REST channels

Plain HTTP channels offer several interesting points that facilitate the development of REST channels, including the most popular ones using JSON.

  • URL paths can include patterns
  • URL parameters can form part of the input to a service
  • Users can decide which parameter types take precedence over one another
  • Access to a channel can be limited to a selected HTTP verb only
  • Data format can be set to JSON, XML or none in particular at all
  • Services can react to user-chosen HTTP verbs only (documented in a separate chapter)
  • RBAC can be used to assign roles and actions to clients applications and HTTP verbs they use (documented in a separate chapter)

Note that in order to take advantage of URL path patterns and URL parameters a service needs to use SimpleIO, such as the one below which will be used throughout the chapter.

 1
 2
 3
 4
 5
 6
 7
 8
 9
10
11
12
13
14
15
16
17
18
19
20
21
# -*- coding: utf-8 -*-

from __future__ import absolute_import, division, print_function, unicode_literals

from zato.server.service import Service

class GetBalance(Service):

    class SimpleIO:
        input_required = ('cust_no', 'account_no')
        output_required = ('balance', 'currency')

    def handle(self):

        # Confirm input was received
        self.logger.info('Customer: %s', self.request.input.cust_no)
        self.logger.info('Account: %s', self.request.input.account_no)

        # Produce sample output
        self.response.payload.balance = '357.19'
        self.response.payload.currency = 'EUR'

Clean URLs with path patterns

A sample clean URL may read http://localhost:11223/customer/balance/37172/HAZDM017/ and to configure it from the web admin one would fill out a form to create a plain HTTP channels as follows. Note that the URL path contains parameters enclosed between { and } and Merge URL params to req is on.

../../_images/clean-urls.png

Now the service can be invoked using a nice and clean URL:

$ curl http://localhost:11223/customer/balance/37172/HAZDM017/ ; echo
{"response": {"currency": "EUR", "balance": "357.19"}}
$

And the contents of server.log confirms that the input was received fine:

INFO - Customer: 37172
INFO - Account: HAZDM017

Parameters in query path

The same service can be mounted on another channel that will let client applications use query parameters rather than ones embedded in a path.

../../_images/query-params.png
$ curl "http://localhost:11223/customer/balance?cust_no=198271&account_no=KMZQ62M" ; echo
{"response": {"currency": "EUR", "balance": "357.19"}}
$

Again, server.log confirms the input was the same:

INFO - Customer: 198271
INFO - Account: KMZQ62M

Using JSON payload

Note that it's always possible to invoke the very same service by using JSON payload on input:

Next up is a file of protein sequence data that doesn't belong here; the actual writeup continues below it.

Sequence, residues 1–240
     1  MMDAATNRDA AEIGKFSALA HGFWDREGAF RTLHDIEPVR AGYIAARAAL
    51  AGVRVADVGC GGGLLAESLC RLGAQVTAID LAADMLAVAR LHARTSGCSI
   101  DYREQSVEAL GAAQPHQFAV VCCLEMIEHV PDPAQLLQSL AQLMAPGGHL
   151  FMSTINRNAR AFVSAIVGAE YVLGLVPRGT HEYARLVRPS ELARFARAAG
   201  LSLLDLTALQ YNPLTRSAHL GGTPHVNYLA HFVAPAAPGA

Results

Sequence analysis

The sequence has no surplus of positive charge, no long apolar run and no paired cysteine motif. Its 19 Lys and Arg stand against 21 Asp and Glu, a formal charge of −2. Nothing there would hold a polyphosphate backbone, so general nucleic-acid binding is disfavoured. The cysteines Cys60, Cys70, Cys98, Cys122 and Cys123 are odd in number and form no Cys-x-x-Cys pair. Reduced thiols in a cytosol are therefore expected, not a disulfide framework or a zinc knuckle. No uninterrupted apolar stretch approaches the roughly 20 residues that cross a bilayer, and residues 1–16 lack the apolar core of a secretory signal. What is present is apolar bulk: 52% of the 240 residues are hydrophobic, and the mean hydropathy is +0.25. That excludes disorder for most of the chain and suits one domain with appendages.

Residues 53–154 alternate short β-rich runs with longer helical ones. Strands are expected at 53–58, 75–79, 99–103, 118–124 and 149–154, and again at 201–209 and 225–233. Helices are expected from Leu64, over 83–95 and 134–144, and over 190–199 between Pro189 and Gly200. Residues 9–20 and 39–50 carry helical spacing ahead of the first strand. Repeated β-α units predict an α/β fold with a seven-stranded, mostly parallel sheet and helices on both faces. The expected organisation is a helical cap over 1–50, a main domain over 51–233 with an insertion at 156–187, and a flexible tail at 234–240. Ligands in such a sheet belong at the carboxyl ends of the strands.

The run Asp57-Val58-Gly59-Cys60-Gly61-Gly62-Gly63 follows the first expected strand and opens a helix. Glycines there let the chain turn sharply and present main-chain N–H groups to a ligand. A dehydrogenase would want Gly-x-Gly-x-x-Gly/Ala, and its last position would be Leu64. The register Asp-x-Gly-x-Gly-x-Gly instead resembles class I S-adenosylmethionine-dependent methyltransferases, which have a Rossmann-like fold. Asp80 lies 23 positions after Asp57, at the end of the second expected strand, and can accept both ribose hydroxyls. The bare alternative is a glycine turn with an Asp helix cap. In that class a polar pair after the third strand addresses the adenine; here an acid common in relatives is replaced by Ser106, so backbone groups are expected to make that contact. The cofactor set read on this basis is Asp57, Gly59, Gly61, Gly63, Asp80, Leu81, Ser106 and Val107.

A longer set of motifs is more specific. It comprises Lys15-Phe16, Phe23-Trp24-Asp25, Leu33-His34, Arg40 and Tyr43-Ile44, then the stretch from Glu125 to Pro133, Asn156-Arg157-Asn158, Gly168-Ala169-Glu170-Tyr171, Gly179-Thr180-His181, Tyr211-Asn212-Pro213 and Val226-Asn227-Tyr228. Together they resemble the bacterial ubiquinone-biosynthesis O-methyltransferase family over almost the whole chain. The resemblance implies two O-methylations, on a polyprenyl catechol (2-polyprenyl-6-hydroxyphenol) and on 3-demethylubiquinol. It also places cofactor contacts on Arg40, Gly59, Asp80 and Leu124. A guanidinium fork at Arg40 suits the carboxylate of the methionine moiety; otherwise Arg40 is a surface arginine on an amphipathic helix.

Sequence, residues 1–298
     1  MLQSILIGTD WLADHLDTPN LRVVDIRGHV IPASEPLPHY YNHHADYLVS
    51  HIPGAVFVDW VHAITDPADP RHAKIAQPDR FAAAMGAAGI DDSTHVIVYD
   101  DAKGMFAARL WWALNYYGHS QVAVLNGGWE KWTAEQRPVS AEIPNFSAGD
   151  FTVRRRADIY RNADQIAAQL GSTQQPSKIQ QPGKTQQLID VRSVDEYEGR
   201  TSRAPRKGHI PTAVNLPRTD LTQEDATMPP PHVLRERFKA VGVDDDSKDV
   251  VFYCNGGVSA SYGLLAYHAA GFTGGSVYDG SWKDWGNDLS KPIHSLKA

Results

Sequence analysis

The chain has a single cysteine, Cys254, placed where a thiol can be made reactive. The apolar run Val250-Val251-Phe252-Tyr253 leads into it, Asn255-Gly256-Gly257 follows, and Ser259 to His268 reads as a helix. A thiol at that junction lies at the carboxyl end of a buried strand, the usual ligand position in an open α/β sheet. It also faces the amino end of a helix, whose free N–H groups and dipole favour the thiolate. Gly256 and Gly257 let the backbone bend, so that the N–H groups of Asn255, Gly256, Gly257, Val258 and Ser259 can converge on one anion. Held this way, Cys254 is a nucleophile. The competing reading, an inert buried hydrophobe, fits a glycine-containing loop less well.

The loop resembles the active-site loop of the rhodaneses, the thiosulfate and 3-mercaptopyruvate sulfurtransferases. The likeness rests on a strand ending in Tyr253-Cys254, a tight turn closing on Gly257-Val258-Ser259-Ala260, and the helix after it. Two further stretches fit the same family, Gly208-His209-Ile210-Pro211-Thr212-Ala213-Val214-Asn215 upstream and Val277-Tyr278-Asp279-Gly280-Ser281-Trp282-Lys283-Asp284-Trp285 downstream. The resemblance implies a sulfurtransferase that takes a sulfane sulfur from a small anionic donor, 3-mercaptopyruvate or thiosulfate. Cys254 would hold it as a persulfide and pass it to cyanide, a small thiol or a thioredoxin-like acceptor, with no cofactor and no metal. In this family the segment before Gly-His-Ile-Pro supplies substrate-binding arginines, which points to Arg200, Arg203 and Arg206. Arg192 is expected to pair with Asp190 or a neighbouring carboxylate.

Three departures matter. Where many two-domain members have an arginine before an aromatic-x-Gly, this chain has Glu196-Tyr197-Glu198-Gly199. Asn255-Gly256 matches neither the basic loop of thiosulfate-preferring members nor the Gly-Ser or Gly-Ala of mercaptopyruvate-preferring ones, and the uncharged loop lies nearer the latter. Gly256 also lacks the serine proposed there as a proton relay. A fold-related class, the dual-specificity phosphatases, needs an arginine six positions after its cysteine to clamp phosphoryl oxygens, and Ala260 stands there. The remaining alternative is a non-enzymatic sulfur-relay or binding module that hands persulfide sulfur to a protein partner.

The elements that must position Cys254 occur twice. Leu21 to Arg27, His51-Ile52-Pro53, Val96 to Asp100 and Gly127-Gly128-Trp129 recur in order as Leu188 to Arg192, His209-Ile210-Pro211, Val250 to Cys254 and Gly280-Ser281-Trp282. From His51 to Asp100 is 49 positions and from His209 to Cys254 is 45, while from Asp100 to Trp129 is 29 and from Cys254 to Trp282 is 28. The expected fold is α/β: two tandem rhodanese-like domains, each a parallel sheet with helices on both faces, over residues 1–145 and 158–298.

$ curl http://localhost:11223/customer/balance -d \
    '{"cust_no":"38631", "account_no":"JZM92KH"}' ; echo
{"response": {"currency": "EUR", "balance": "357.19"}}
$
INFO - Customer: 38631
INFO - Account: JZM92KH

Parameters priority

Given that there are 3 sources of parameters - payload, URL path and the query string - a two-fold priority resolution mechanism lets one decide which ones take precedence over another if it happens that the same parameter is provided more than once on input.

URL params priority can be one of:

  • QS over path
  • Path over QS

If QS over path then query string parameters are prefered over parameters found using path parameters. With Path over QS it's the other way around.

Once it's decided if either query string or path parameters have priority, their precedence over payload gets decided.

Params priority can be one of:

  • URL over message
  • Message over URL

With URL over message parameters resulting from the previous decision take precedence over payload in the message. With Message over URL it's the other way around.

HTTP methods

A channel can be limited to accept an arbitrary HTTP method only. Requests submitted using any other method will be rejected.

../../_images/http-method.png

A service can restrict the range of methods supported even if a given channel doesn't however once a channel picks the verb to react to the service will not be able to make use of any other.

Data format

An HTTP channel can be set to take JSON or XML on input. That allows Zato to automatically extract parameters from the incoming message and serialize the response out of the payload a service produces.

It's also possible not to set the data format to any specific one, for instance, if using HL7 v2 the service will parse the message itself.